Sense Of Relief For Mosley
With just less than five minutes to go in the first half Saturday, the Terps had possession and trailed by eight to a hyper-athletic Charlotte squad that was shooting out of its mind from three-point range. As Maryland passed the ball around in one of its half-court sets, Charlotte Coach Bobby Lutz shouted some advice to his defenders:
"Make 14 shoot!" Lutz screamed.
He was referring, of course, to freshman guard Sean Mosley (who wears No. 14). Mosley had struggled of late on both ends of the court. In recent games, he made silly fouls that resulted from over-aggressiveness on defense and struggled mightly to score on offense, which may have led him to think too much and rely on his instincts too little.
Already that day against Charlotte, Mosley had dropped a cross-court transition pass out of bounds on what might have turned into an easy basket. He also at one point made a cut just as senior forward Dave Neal made a pass to Mosley's original position on the wing. The ball sailed out of bounds for another turnover. It was charged to Neal, though the obvious miscommunication suggested both players were at fault.
At the time Lutz shouted his suggestion, Mosley had compiled five points, though they came via two lay-ups and a free throw. Based on Mosley's recent shooting woes, Lutz's strategic plan was warranted. Mosley was shooting 27.1 percent from the field entering Saturday's game.
Though that particular play ended with Mosley making a pass inside to sophomore guard Cliff Tucker (who was fouled and proceeded to sink both his free throws), the freshman ended up making Lutz eat his words a minute later.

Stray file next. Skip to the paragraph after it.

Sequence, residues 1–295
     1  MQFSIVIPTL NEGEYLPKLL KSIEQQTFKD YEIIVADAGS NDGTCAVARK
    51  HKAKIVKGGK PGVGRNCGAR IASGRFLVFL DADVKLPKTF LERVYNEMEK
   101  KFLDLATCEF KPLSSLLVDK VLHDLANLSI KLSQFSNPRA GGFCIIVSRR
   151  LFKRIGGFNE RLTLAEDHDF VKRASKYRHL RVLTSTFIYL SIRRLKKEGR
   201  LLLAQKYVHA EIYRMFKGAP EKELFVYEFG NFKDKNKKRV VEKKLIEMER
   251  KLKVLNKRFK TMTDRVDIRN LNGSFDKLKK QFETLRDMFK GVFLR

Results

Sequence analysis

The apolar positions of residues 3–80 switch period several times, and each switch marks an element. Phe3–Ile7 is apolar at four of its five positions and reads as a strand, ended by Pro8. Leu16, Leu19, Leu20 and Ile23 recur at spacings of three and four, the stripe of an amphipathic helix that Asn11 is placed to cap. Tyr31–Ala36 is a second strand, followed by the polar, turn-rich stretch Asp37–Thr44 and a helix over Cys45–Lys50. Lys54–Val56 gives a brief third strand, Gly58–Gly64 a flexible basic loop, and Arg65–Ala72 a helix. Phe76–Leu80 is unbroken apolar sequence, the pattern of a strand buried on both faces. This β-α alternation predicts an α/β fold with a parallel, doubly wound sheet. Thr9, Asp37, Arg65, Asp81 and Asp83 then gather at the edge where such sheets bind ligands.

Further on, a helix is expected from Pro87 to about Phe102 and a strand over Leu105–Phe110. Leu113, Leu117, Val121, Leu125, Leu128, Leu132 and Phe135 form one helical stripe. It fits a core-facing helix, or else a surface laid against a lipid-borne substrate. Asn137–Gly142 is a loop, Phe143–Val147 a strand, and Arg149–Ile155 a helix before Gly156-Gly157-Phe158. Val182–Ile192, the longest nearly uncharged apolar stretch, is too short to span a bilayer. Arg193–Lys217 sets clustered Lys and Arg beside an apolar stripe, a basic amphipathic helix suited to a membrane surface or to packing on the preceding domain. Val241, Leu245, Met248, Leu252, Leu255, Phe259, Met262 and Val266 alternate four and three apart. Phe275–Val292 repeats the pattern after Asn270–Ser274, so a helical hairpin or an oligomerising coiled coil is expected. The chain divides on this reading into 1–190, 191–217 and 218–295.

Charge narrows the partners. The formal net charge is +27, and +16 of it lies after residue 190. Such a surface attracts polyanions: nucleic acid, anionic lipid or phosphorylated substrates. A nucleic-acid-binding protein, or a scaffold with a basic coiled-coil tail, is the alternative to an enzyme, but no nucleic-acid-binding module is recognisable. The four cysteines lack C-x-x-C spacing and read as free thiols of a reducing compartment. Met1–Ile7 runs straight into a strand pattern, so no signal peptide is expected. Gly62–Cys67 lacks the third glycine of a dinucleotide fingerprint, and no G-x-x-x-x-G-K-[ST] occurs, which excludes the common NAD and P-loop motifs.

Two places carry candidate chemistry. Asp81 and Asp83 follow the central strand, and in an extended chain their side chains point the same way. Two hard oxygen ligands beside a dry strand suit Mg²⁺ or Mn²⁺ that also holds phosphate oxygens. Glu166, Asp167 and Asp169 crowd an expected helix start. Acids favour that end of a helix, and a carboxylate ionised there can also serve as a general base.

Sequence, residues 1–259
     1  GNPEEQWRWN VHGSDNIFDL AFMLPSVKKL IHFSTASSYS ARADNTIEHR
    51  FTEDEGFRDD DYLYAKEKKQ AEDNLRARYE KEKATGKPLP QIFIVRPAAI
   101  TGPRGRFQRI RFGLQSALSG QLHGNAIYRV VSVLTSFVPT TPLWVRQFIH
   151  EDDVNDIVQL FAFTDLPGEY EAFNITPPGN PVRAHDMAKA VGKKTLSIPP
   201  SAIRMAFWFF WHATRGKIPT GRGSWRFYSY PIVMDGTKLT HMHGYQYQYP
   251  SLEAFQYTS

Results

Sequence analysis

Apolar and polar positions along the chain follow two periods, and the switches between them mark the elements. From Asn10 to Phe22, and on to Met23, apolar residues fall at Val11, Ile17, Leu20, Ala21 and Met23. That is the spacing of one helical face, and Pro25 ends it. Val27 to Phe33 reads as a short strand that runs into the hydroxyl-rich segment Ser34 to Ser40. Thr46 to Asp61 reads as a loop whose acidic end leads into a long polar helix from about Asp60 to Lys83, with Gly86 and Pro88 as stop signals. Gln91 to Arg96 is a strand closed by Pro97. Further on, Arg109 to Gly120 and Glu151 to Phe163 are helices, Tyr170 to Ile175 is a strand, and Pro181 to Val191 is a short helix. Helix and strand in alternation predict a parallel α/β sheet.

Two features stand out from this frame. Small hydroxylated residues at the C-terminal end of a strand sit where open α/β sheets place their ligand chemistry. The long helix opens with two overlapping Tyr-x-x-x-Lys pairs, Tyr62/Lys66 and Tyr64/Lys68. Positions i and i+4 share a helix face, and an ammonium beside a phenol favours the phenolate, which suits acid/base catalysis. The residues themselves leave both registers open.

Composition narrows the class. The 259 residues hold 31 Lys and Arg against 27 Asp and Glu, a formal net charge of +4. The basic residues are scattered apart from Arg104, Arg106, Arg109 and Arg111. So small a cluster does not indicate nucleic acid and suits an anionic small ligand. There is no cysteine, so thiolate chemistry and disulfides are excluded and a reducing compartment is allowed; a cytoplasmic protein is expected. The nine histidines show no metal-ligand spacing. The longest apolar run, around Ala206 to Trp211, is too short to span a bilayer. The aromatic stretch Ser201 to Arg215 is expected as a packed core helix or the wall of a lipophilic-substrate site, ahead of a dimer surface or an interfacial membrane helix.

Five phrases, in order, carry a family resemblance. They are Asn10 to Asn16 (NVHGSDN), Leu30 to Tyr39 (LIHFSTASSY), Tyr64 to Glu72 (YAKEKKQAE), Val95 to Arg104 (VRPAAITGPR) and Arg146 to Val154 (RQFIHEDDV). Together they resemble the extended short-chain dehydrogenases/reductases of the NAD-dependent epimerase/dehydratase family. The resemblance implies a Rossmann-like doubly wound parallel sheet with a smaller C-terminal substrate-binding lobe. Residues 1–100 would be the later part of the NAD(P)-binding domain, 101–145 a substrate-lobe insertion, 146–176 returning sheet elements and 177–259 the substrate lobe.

Mosley drilled a three-pointer with 3:39 to go in the first half that tied the score at 32-32. He hit another three-pointer in the second half to give him a career-high 11 points on the day. He shot 3-for-4 from the field and 2-for-2 from beyond the arc against the 49ers. Afterward, Mosley's face was brighter and tone was more chipper than it had been in quite a while.
"Yeah," he said with a grin, "I needed this kind of performance."
As his offensive troubles continued to persist in recent weeks, Gary Williams and several of his teammates noted how perplexing the situation was. In practice, Mosley frequently caught fire and routinely made a majority of his shots. Then the games would come, and Mosley would revert back to his confounding ways, mishandling passes, mistiming cuts and -- most critically -- just plain missing his shots. The effort and desire was never in question. His ability to overcome the anxiety that often accompanies a freshman throughout his first season of major D1 college basketball, however, was.
"It was frustrating for me, but I'm a tough player and you just got to keep playing hard and that's what I did," Mosley said. "I played hard every day in practice, going for every loose ball, every open shot that I had, I took, and I think that came to the game today with me and gave me my confidence."
Mosley said that after his performance Dec. 30 against Elon (2-for-4 from the field, six points, 16 minutes) he couldn't wait for Saturday's game against Charlotte. He felt he had overcome whatever mental block had prohibited his in-game production and was eager to find out if he was correct in that assessment.
Turns out, he was. Not that Mosley's showing came as much of a surprise to Williams.
"He plays every day in practice like he did out there today," Williams said. "You notice that. You notice the guys the first team doesn't mind going against, the guys that bother the first team, and that all plays into it. And Sean, what he's done is maintained a certain level of intensity every practice since October. You have to reward guys like that, and you want them to really play well cause they're really helping the team by what they do in practice."
Finally, the talents Mosley displayed in team workouts became evident to a wider audience during a game. Player and coach hope Saturday's performance becomes the norm, rather than an aberration.
The comments to this entry are closed.